Wednesday, May 09, 2007

The Birth of a Crowds Nation

In The Wisdom of Crowds, one of those formula books that populate our Zeitgeist, Surowiecki suggests that agents Mulder and Scully were actually right: the truth is, indeed, out there. Moreover, there's a way, although long and cumbersome, to get to that truth, using You! and You! and You! and You! and…You! In other words, the truth is out there, and the out there is no other than - the Crowds.

Through a series of examples, Surowiecki clarifies the concept of Crowds - a large number of uncoordinated individuals expressing their beliefs and/or performing their acts in a pressure-free context. Crowds are not to be mistaken with Groups: while the former conceptually preserves the independence of the individual, the latter destructs and erases any traces of individuality, in favor of a unified group synthesis. Therefore, the outcome of a Group cannot be predetermined; some groups yield excellent results, while many others bring catastrophes, as Surowiecki nicely demonstrates. Crowds, on the other hand, being an unbiased assemblage of independent individuals, will more often than not succeed in understanding reality and in producing successful outcomes - the absolute opposite of what the word crowd usually connotes.

In the Web2.0 era, the internet has become crowded, the Blogosphere being the place where the crowds are hanging around. Individual and uncoordinated blogs, images, videos and podcasts have emerged, seriously challenging the traditional mediums, the traditional media.

And their attitudes towards newspapers are especially alarming. Only 9 percent describe us as trustworthy, a scant 8 percent find us useful, and only 4 percent of respondents think we’re entertaining. Among major news sources, our beloved newspaper is the least likely to be the preferred choice for local, national or international news going forward. What is happening is, in short, a revolution”, Rupert Murdoch (before acquiring MySpace).

Wikipedia and Linux are two more flagrant examples of a fantastic uncoordinated achievement that have become a pain in the neck of their traditional counterpart (such as Britannica and proprietary O/Ses). And even the so far protected territories of the heavy lords, i.e. the banking industry, have seen the crowds adopting creative ways to circulate money from an individual to an individual without having the banks as go-betweens, Grameen Bank and Zopa being two examples for such Crowds Banking.
"Grameen Bank has reversed conventional banking practice by removing the need for collateral and created a banking system based on mutual trust, accountability, participation and creativity"
Trust, participation and creativity: the web2.0 equivalent for Liberty, equality, fraternity. Should the old monarchs rest in peace or do something about those Crowds?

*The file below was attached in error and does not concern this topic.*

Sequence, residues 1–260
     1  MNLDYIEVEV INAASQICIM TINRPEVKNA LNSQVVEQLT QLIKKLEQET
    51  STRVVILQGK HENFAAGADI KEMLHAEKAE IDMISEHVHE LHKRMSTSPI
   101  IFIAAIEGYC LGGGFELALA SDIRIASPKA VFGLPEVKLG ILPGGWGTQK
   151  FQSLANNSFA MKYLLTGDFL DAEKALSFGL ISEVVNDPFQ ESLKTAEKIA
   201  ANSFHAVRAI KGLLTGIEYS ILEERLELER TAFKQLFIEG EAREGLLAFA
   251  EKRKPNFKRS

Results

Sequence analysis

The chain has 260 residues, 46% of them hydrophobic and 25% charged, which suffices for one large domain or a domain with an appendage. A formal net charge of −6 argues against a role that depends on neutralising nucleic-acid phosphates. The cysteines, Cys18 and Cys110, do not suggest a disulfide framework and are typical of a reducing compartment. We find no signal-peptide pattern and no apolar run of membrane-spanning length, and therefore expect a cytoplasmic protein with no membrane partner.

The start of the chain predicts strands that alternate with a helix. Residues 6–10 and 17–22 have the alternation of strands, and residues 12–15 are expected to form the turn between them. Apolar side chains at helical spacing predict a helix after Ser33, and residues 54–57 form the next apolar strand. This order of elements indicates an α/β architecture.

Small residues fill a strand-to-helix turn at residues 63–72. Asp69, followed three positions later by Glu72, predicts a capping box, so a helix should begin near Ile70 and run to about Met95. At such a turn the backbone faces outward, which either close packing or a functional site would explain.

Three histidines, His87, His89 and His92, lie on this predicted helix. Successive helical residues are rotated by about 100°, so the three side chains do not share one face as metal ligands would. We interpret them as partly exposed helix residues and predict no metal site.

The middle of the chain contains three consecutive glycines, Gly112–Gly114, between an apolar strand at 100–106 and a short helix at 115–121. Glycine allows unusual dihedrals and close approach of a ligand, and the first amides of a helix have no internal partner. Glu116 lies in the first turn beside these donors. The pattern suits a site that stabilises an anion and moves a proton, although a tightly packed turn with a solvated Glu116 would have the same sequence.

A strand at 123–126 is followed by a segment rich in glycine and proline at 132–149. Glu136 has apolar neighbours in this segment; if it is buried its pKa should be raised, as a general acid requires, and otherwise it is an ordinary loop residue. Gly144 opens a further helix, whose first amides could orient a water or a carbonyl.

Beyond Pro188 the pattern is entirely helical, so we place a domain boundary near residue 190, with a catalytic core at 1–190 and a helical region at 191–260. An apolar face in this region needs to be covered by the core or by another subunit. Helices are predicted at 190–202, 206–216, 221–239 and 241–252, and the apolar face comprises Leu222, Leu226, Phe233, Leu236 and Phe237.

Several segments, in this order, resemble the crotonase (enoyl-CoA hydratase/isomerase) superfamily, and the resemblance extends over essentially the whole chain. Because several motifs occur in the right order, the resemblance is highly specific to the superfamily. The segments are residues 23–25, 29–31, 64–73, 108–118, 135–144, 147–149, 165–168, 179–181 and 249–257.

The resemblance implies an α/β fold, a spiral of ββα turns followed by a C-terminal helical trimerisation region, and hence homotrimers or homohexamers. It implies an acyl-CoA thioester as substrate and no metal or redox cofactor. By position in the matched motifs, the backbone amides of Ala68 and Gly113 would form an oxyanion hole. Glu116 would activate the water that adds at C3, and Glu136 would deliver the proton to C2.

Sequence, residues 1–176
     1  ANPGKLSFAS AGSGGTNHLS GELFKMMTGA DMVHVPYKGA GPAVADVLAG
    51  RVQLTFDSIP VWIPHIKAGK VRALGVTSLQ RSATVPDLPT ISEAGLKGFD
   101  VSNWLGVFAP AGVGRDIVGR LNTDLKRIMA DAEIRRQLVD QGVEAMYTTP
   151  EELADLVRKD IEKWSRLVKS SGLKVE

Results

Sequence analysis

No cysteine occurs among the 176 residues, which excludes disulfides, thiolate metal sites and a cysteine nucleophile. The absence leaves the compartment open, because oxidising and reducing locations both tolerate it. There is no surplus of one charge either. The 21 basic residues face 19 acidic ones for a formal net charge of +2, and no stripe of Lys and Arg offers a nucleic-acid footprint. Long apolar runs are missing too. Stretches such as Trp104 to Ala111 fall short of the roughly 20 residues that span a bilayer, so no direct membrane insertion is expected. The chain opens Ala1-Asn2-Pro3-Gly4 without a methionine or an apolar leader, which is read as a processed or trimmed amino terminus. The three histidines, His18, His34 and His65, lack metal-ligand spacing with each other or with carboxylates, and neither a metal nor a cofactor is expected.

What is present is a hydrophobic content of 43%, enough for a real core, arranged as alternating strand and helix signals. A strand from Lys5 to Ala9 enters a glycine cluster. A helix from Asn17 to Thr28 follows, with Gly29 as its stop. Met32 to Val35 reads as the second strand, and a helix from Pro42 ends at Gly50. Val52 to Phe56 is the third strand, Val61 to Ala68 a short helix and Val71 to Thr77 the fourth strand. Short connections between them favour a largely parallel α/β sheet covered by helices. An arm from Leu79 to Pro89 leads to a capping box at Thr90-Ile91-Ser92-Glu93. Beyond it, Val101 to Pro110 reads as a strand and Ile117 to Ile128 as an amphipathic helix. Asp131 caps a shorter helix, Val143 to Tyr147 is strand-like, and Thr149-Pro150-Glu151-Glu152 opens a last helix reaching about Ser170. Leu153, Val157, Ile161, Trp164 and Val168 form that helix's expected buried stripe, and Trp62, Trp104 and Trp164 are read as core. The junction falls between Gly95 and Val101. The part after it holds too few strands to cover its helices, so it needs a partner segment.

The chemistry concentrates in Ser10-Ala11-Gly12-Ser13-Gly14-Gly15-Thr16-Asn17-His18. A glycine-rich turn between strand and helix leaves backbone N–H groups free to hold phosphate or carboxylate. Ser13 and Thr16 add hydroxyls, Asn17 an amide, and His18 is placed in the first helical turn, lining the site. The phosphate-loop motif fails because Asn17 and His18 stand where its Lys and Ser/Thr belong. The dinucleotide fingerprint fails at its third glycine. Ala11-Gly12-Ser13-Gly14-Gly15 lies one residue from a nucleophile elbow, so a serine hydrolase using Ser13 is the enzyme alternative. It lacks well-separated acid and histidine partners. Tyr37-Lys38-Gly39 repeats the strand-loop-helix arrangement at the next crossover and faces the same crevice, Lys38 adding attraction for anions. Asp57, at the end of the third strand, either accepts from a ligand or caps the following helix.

(Click the play button twice)

Clearly, businesses can no longer pretend that all is well, and if you read the Cluetrain Manifesto (each revolution should have its manifesto), you'd see that at least from the Crowds' perspective it's the End of Business as Usual. The 95 thesis that open the Manifesto, communicate simple and unequivocal messages, such as:

1. People in networked markets have figured out that they get far better information and support from one another than from vendors.

2. There are no secrets. The networked market knows more than companies do about their own products.

3. In just a few more years, the current homogenized "voice" of business—the sound of mission statements and brochures—will seem as contrived and artificial as the language of the 18th century French court [
I am loudly protesting here: "with all due respect", 18th century French court language is better than the "voice" of business in any possible aspect! this article should be rewritten in future editions]

4. Companies that assume online markets are the same markets that used to watch their ads on television are kidding themselves.

In simple words: it's the end of the marketing bullshit, and the end of FUD (Theoretically. In practice, both IBM and Oracle, for example, are still using insulting marketing brochures and even more insulting FUD campaigns. But let's not ruin the good spirit we were getting at...).
It's the beginning of a new era where we have succeeded to emerge as a wise crowd to which the vendors, the corporates, the government - all the controllers - must listen.

The following piece of audio shows how the language has changed to reflect this paradigm shift. It's an excerpt from a Q&A session between Dave Winer and the participants of the BloggerCon IV unconference (unconference is a deconstructed term made up by Winer [probably], indicating "a conference which is not a conference", like Alice's un-birthday. It is the minimal form / format / structure required in order to gather a bunch of uncoordinated, pressure-free individuals: there's no agenda, only a general topic, the agenda being set-up by volunteers on the day of the event. Vendor's reps (i.e. Group's representatives) are naturally banned out (unless, of course, they are willing to become pressure-free individuals again).

Attendee – it's too passive, hence participant, the active individual, daring to know, daring to take part in what had turned to be The Participation Age.

In the next post(s) I'll describe how the Crowds' bone has been removed from the Corporates' throat, to the great satisfaction of everybody involved.

This is the 1st post in the Crowds' series: The birth of a crowds nation, New Flatland, Participate (please!) and Share (please!), Smile! You've just been CrowdSourced


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